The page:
By Tom Blake
I met Jim of San Clemente at a grief-sharing session in late March. We were the only two men in the class. We became friends. Last week, we met for breakfast at R.J.’s Café, near Dana Point Harbor, to discuss senior dating challenges we’ve experienced.
Jim and I have a couple things in common. His wife, Pamela, died suddenly at 68 last summer. And my life partner, Greta, died this past October. And because of loneliness, both of us are trying to meet someone.
At breakfast, Jim said, “Now what do I do? Sit at home on the couch missing my lady? Or should I go forward and see what’s out there and test the waters? Some people have told me I should wait for the magical grieving period of a year or two.”
I said, “At our ages, we don’t have time to wait.”
Jim and I agree that the best way for single seniors to meet a potential mate is to get out of the house and interact socially with people.
Some suggested activities and places to meet: volunteer, attend church, join a book club, play pickleball, or check meetup.com to attend functions in which you might have an interest. But what if you’re still not meeting enough potential mates?
That’s where online dating comes in. It’s another way to improve your chances of meeting someone. And, yes, every dating site has scammers, so caution is important. And all dating sites deal with outdated photographs and other issues of dishonesty.
However, online dating can still be effective and give one hope that someone is out there for them.
At breakfast, the two of us senior men discussed dating boundaries we’ve learned from our short, later-in-life, dating experiences.
Jim’s and Tom’s list of senior dating boundaries:
- Distance. How far away do two people live from each other? Within a 20-minute drive or less is desirable. In that way, they can see each other as often as they choose and still return to their respective homes on the same day or night, assuming they still drive.
- Availability. What if you meet someone you like, but her schedule is so full of other activities that you’d be lucky to see her once a week? That’s a problem. Will she free up her schedule enough to make it work?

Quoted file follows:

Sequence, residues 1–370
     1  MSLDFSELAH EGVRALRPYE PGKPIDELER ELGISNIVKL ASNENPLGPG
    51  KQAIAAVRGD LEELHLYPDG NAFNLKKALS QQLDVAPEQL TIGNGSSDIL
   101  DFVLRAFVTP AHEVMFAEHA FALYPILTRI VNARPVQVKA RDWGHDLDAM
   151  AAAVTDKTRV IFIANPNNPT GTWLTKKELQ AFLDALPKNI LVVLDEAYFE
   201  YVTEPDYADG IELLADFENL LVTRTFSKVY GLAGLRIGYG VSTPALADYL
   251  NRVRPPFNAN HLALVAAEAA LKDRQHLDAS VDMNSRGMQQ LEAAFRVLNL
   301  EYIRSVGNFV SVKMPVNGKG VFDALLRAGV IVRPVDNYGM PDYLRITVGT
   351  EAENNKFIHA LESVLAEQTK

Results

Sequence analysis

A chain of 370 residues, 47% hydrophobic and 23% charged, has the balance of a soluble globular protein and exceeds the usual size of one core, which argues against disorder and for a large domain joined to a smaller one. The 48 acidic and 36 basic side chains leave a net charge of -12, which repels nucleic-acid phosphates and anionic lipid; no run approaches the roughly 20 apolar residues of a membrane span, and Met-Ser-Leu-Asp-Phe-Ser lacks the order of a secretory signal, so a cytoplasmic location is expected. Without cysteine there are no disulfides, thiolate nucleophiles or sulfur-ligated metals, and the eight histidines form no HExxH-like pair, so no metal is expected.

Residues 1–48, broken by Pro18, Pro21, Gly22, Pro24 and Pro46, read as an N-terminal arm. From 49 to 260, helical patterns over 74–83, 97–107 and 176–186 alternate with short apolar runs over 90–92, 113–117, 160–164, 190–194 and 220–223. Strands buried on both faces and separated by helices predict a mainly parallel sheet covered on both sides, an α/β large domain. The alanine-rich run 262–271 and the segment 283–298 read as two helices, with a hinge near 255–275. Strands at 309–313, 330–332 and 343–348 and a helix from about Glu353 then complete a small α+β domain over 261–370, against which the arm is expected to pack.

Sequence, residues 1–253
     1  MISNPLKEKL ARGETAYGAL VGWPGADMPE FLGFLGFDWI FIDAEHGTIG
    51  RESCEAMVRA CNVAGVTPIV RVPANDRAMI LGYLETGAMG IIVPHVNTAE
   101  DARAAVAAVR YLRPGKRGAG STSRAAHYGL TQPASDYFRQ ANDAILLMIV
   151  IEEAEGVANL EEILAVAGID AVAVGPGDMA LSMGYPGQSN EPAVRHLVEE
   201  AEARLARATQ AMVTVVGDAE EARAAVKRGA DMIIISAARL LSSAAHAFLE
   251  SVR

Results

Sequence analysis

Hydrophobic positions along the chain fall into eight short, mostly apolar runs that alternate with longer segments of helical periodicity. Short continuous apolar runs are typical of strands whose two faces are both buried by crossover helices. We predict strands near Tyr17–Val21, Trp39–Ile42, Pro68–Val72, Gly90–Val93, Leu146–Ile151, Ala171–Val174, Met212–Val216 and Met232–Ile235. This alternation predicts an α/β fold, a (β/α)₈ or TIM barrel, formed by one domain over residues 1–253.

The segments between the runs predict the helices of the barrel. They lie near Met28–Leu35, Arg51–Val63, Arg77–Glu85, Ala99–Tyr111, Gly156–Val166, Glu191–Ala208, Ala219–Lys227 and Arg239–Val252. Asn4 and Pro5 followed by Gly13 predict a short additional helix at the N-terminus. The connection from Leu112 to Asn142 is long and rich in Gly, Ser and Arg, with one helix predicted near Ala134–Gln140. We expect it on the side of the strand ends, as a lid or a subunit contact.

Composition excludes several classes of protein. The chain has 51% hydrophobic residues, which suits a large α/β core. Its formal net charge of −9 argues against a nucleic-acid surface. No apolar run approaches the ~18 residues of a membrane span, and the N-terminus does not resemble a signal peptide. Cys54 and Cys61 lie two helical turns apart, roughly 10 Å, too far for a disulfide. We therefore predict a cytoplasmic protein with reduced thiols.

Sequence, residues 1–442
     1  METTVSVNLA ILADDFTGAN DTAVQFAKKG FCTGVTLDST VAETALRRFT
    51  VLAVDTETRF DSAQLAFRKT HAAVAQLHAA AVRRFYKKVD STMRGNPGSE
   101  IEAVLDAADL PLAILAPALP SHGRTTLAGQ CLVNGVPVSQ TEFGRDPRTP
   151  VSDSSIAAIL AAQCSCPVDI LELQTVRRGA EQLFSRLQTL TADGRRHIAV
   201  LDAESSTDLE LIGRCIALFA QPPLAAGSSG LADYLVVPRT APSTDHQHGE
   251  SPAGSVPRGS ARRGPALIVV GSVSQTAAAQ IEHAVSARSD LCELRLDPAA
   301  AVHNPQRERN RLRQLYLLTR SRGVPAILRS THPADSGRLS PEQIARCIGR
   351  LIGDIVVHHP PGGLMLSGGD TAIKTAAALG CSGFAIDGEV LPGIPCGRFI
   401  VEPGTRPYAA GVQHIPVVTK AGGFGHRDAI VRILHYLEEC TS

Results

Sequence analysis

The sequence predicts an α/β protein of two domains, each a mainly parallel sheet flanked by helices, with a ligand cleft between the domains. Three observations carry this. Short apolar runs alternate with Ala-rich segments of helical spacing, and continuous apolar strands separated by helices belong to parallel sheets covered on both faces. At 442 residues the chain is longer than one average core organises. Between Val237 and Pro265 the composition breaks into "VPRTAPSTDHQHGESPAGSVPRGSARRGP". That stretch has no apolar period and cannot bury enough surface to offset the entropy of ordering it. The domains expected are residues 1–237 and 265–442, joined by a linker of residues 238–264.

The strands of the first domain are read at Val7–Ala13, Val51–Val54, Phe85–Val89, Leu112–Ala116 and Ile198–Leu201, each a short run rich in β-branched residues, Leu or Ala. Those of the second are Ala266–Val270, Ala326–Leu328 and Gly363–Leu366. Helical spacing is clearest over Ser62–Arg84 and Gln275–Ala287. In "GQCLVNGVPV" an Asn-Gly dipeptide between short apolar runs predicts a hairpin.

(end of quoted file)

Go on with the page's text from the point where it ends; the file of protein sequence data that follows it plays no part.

- Age gap. Because of our respective ages, Jim (74) and I (83) find this a huge challenge. What’s an OK age difference? Twelve years maximum? Perhaps, but what if the man is older? Many senior women don’t want to take the chance that their new love will pass away or get sick before they do. A huge burr in some women’s saddle is that senior men are looking for women up to 12 years younger. After a pleasant 35-minute, first-date conversation, a woman, 76, asked me, “What age range do you search for?” I answered: “71 to 79.” She was aghast and said, “You senior men are all the same.” Then, she looked skyward, and added, “The sun is coming out. I’m going to go swim my laps.” She stood up and left. There was no “thank you” or goodbye. Game over for us.
- Chemistry, physical attraction, and affection. These characteristics can’t be faked. For many couples, this is the most important boundary or consideration. If one person is physical, and the other has a low libido, a compatible relationship probably won’t happen. Also, how soon to hug, hold hands and kiss?
- Who pays? Jim and I agree that the man should pick up the tab for at least the first couple of dates (which is why coffee, or a walk, are such splendid choices). Then, perhaps, the new couple will work out an amenable who-pays plan.
Of course, there are other boundaries as well. Jim and I will discuss those in a future article.
Tom Blake is a retired Dana Point business owner and resident who has authored books on middle-aged dating. See his website at findingloveafter50.com. To comment: firstname.lastname@example.org.
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